Religious Speech Does Not Equal ‘Hate Speech’: Court Affirms Pastor’s Right to Publicly Express Views
Pastor Stephen Boissoin wrote letters-to-the-editor of his local paper that expressed his Christian views on homosexual behavior. An offended University of Calgary professor, Dr. Darren Lund, reported the letters to the Alberta Human Rights Commission in 2002, accusing Pastor Boissoin of violating Alberta’s “hate speech” law.
The Commission ruled against Pastor Boissoin in 2008 and, unbelievably, ordered him to cease any further public expression of his views on homosexual behavior, instructed him to issue a public apology, and fined him $5,000. Now remember that this was a pastor expressing biblically-based views on homosexual behavior.
But thankfully that wasn’t the end of the story for Pastor Boissoin. In what appears to be final victory for the pastor, Alberta’s highest court affirmed earlier this month the right of Pastor Boissoin to publicly express his religious views. The court determined that the letters “constituted an expression of opinion” that “was not likely to expose homosexuals to hatred or contempt within the meaning of the Alberta statue.”
Significantly, the court also criticized Alberta’s “hate speech” law. “Of particular concern in the area of human rights law is the lack of clarity that will cast a chill on the exercise of the fundamental freedoms, such as freedom of expression and religion….”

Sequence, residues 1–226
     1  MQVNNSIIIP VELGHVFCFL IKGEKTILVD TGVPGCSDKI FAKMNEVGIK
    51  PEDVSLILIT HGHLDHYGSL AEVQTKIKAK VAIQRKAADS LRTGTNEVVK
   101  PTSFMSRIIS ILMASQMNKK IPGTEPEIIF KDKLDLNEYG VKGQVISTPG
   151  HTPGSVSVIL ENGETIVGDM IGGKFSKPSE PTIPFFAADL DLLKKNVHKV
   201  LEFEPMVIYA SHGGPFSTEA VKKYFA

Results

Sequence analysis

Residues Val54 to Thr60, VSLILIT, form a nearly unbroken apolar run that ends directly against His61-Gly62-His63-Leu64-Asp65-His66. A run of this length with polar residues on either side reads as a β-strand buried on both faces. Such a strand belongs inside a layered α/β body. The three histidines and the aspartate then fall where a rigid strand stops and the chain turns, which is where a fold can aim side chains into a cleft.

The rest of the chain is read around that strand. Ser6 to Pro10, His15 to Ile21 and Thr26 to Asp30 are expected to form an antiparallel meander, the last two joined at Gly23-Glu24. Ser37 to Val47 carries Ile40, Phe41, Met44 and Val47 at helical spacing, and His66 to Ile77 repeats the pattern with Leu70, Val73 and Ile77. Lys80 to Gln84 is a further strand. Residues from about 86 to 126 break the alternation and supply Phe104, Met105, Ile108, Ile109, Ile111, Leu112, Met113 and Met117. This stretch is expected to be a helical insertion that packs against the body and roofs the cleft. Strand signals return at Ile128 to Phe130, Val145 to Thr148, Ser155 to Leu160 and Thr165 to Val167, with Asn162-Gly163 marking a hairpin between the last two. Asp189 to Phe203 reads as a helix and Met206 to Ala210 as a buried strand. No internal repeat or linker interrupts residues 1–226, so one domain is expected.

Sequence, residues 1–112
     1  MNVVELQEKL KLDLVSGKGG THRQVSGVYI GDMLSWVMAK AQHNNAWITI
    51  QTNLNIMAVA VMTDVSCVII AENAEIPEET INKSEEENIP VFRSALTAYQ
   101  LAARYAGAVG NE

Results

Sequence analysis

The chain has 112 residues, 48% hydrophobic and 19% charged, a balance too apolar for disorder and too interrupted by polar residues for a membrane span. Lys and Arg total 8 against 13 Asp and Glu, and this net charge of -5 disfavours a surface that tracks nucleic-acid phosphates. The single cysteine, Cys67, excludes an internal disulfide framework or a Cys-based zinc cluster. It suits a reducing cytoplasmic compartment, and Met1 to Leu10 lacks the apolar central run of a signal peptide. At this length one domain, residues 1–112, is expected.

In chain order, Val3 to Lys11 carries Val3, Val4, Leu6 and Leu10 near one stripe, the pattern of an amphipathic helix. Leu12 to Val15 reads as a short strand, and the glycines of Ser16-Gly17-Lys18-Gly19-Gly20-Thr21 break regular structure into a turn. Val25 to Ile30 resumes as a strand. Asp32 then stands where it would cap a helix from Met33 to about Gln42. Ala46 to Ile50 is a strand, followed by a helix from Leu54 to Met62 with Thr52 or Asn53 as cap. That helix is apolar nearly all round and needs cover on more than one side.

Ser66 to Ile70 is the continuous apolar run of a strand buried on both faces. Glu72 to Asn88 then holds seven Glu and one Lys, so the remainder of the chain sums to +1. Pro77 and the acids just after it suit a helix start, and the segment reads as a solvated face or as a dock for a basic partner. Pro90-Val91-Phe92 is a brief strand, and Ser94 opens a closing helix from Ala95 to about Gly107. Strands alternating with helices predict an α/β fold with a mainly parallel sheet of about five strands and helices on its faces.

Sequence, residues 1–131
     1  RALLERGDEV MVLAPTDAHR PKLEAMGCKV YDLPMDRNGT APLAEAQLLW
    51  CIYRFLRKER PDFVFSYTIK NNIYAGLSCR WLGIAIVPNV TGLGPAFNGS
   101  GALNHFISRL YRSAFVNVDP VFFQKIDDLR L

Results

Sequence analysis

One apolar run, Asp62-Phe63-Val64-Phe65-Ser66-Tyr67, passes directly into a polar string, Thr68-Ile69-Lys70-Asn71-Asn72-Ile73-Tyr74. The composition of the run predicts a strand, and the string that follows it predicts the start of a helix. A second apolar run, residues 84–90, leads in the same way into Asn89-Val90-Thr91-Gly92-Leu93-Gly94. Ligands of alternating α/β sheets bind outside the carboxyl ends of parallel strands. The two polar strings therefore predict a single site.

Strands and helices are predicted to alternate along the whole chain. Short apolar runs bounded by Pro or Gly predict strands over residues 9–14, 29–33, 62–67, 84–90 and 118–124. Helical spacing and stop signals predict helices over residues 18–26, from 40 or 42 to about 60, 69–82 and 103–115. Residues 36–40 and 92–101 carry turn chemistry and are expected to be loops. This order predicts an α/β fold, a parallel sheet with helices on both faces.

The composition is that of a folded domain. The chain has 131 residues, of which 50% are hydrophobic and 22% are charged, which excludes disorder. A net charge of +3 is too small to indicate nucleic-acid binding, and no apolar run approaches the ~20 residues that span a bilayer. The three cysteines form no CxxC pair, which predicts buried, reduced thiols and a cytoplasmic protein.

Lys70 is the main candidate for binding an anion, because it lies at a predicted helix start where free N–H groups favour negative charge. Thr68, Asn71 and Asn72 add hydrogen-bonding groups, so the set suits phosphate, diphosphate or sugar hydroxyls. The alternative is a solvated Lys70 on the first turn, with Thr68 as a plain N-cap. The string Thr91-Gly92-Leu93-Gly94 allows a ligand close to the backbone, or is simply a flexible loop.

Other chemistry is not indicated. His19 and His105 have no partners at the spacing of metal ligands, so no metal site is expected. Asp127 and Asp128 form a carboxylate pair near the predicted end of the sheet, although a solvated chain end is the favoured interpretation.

The court got it exactly right on this point. Public expression should not be censored simply because the views expressed are unpopular. “Christians and other people of faith should not be fined or jailed for expressing their political or religious beliefs. There is no place for thought control in a free and democratic society,” said Gerald Chipeur, an Alliance Defending Freedom allied attorney who served as counsel in the lawsuit.
This legal victory has great significance for religious expression. As American courts look more frequently to international jurisprudence for guidance, this victory for freedom of expression has important implications for preserving and promoting religious freedom in America.
Editors note: While the original announcement of the case ten years ago received widespread attention, the final decision affirming religious freedom was almost buried in the Canadian media. Original references to this case came through American media sources.